Are you growing Hibiscus sabdariffa or a different variety? Not sure why your saved seeds wouldn’t germinate if the seeds you leave outdoor are germinating. Is it possible you’re harvesting the roselles that you’re planning to save for seed too early, therefore not giving the seeds enough time to mature? We’ve actually made that mistake ourselves before.
AnonymousSeptember 22, 2019 at 11:44 am
How do I make tea from the fresh leaves? Can I dry the leaves and have them for use at a later date?
I’m a few months too late getting to the fresh calyxes, I think. These plants have done wonderfully up here in south-central Pennsylvania, but I too had to start them under lights in March.
Aaron von FrankSeptember 23, 2019 at 11:09 am
Harvest, chop, and dry the leaves, then use them throughout the year.
Are you saying your plants formed calyxes but you’re just late harvesting or that your hibiscus plants didn’t have enough time to form calyxes in the first place up in PA? Would be good for other people in northern climates to have some additional info based on your growing experience. Thanks!
Rachel Davenport JasperJune 8, 2019 at 12:53 pm
Is it too late to plant Roselle hibiscus seeds directly in the ground? Middle TN.
Aaron von FrankJune 9, 2019 at 11:01 am
Hi Rachel! Hmm. Sounds like you’re somewhere in Zone 7b, which is equivalent to us (we’re in Greenville, SC). The fastest we’ve ever gone from seed to harvestable hibiscus roselle is ~3 months. You could feasibly get 1-2 months of production out of them, especially if you have a late first frost this year. The plants are not at all frost tolerant. However, you probably won’t have time to get a LOT of roselles. Our recommendation: go for it! Just make sure you save some seeds for next year and try to get an earlier start.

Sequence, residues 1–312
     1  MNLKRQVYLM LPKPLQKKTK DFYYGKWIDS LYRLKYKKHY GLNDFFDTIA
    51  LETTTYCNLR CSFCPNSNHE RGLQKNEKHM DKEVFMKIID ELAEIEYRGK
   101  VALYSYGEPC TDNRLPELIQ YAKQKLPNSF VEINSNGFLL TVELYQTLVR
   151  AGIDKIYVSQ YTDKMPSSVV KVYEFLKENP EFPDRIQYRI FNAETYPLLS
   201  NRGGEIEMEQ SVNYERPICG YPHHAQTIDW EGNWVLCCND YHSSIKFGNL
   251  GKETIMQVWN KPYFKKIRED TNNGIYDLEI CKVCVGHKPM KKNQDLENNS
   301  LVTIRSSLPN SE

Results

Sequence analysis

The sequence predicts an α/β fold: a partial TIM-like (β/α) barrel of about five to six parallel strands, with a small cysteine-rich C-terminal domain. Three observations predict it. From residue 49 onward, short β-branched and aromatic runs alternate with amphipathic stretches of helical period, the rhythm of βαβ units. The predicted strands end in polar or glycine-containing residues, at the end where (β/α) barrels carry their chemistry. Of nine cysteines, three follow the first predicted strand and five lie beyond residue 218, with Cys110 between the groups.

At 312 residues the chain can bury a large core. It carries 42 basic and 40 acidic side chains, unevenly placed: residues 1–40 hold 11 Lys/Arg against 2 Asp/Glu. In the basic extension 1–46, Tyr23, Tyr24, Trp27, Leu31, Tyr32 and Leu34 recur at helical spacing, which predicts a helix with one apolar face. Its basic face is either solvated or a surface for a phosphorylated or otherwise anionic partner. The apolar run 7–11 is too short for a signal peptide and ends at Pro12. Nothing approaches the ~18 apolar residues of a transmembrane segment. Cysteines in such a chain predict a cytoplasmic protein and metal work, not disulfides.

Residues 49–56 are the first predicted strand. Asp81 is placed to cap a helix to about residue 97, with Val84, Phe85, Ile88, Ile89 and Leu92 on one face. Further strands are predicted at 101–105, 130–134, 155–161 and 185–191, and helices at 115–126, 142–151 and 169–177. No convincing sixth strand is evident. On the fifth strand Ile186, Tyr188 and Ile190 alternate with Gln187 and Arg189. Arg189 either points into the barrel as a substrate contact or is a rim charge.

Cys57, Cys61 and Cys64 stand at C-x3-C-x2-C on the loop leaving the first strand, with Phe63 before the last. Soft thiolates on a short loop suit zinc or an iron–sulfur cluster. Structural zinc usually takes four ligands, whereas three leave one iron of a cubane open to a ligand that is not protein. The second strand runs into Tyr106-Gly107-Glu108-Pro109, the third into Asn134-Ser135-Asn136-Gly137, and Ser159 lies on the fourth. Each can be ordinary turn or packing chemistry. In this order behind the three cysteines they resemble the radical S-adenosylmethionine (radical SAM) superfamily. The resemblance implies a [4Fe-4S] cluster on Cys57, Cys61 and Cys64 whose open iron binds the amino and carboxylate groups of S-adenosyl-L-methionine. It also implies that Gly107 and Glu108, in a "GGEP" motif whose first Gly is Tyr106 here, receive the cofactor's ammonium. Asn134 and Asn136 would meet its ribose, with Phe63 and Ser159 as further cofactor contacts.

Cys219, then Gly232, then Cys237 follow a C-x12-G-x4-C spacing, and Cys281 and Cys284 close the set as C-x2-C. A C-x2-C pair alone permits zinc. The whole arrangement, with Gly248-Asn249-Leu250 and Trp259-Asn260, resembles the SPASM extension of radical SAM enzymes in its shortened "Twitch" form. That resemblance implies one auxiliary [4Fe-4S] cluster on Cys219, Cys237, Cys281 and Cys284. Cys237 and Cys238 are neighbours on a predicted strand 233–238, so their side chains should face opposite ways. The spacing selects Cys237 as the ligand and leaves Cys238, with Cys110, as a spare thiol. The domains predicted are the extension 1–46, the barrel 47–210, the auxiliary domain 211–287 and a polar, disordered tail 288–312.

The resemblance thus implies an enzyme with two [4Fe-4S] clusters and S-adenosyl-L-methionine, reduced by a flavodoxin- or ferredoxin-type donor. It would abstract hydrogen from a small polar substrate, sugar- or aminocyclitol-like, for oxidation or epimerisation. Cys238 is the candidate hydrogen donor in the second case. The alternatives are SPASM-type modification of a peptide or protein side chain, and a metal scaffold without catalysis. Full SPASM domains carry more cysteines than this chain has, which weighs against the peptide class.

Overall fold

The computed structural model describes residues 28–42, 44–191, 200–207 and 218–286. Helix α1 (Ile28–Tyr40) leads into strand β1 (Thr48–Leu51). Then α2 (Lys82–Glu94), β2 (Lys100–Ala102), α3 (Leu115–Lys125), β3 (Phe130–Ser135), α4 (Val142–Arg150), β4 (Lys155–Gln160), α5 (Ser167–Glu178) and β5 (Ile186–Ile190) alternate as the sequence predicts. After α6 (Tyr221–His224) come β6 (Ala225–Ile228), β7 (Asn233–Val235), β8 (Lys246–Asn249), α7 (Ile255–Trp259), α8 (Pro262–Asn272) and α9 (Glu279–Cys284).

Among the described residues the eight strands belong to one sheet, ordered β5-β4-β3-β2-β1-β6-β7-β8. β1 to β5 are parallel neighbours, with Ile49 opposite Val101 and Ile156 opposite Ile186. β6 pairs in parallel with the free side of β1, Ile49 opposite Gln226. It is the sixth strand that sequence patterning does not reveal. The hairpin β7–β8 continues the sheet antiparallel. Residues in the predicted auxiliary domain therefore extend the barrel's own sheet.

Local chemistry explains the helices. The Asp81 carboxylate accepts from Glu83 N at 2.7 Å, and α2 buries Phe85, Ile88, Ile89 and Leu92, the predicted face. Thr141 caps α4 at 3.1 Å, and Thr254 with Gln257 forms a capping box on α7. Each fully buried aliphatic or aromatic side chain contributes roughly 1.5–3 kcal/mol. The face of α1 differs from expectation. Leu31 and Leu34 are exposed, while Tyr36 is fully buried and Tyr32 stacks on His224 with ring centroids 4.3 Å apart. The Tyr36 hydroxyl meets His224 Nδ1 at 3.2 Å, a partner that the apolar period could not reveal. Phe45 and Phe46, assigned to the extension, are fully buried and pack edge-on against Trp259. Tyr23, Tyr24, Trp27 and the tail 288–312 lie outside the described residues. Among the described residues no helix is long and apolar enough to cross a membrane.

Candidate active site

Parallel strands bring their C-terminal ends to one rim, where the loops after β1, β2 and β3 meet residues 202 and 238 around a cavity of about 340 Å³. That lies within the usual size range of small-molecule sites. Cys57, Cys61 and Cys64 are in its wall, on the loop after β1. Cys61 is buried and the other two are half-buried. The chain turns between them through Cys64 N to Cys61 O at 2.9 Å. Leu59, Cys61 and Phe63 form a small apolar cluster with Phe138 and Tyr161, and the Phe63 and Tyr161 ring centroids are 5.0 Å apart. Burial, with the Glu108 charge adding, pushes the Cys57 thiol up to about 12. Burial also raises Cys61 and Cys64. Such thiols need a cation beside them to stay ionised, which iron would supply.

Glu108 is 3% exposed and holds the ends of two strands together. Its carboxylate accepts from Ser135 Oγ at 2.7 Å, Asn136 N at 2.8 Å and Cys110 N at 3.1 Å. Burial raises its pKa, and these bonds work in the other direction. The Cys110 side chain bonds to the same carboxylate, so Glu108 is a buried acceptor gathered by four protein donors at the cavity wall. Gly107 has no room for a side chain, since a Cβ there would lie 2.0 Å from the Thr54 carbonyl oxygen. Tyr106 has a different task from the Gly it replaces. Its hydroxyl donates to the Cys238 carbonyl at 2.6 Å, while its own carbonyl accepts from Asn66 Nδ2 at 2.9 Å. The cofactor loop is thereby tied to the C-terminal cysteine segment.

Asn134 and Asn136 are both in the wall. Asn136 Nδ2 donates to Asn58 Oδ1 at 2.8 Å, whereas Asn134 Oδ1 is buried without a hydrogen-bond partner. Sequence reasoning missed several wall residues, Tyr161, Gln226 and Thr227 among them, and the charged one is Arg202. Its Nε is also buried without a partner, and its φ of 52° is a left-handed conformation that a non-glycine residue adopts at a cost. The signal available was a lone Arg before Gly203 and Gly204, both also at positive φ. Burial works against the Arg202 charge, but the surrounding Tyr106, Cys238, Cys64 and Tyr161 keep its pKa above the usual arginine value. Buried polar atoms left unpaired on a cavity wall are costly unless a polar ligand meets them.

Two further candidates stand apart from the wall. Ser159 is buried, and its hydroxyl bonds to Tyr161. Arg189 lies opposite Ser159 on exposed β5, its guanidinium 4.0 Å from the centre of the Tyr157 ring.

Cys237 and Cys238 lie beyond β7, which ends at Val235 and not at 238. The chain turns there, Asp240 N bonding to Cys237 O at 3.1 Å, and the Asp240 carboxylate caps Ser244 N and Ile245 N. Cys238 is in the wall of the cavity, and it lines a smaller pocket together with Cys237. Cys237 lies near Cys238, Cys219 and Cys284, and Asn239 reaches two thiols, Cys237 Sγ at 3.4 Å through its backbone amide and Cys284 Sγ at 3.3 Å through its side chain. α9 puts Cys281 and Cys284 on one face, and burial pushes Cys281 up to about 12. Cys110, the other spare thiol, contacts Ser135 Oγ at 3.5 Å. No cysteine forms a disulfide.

Aaron von FrankJune 9, 2019 at 11:12 am
I should also note that Hibiscus sabdariffa leaves make an excellent tea too, and taste proximate to the calyxes. So you can use the leaves even if you run out of time on the calyxes.
Jennifer S.July 8, 2015 at 8:04 pm
Been trying to harvest from my hibiscus but my calyxes only go from the normal green while bloomed then to yellow after blooms fall, how do I get them to produce the red calyxes for jelly and teas?
Thu ThuyJune 25, 2015 at 4:54 pm
i would like to have some seed,
please. I can’t find the plant any where near me.
My email : [email protected] and mailing address: 1310 W 43rd CT Kennewick,WA 99337. Can i put the seed down right now or have to wait until fall.
Linda GrayMay 12, 2015 at 3:30 pm
Where can I find the edible Hibiscus in my area of Central VA?
CarolMay 4, 2015 at 5:58 pm
Can you use ANY hibiscus for the tea? I don’t know the name of mine but is has large red flowers.
elyseApril 25, 2015 at 3:44 pm
I’m assuming you can’t use hibiscus plants found in garden centers for edible purposes? I’ve been seeing hibiscus used in recipies and diy beauty treatments which I’ve been getting into lately. I’m getting ready to start a blog about all my adventures, and growing and using hibiscus is definitely in my plans. I think I’m a little late to start them this year but plan to try anyway. Thanks for the great info!
StacieFebruary 11, 2015 at 10:19 pm
Do you just grow new hibiscus plants each year as annuals? I love Hibiscus tea (am drinking some right now). I am a medical student in Augusta, GA, but I love gardening. I have actually been testing the weather here this winter to see if Camellia sinensis (for green tea) would survive, and the little plants I have are really thriving so far. The cold weather and frosts did not bother them at all. I would really like to try growing Hibiscus sometime. Do you just grow them out in the garden during the warm weather, and they get big enough in one season to harvest plenty of calyxes? And how early in the spring would you need to start the seeds?
LandrewJanuary 24, 2015 at 1:07 pm
I am LOVING saril tea in Panama. Would like to try growing it in Victoria BC Canada, but not sure whether I should bring seeds in suitcase or whether this variety will grow there.
I will certainly try.
Ita CareyJanuary 4, 2015 at 6:36 pm
This was very interesting information. My Mom buys a new hibiscus every year because in New Mexico they tend to freeze. We had no idea these beautiful flowers were edible and good for you. We would love to receive some of your seeds.
Courtney theJanuary 2, 2015 at 4:02 am
Any chance you would ship those seeds to the states? I live in so cal and would be thrilled to grow these beauties.
SamanthaDecember 14, 2014 at 2:50 pm
Do you have any seeds to spare still?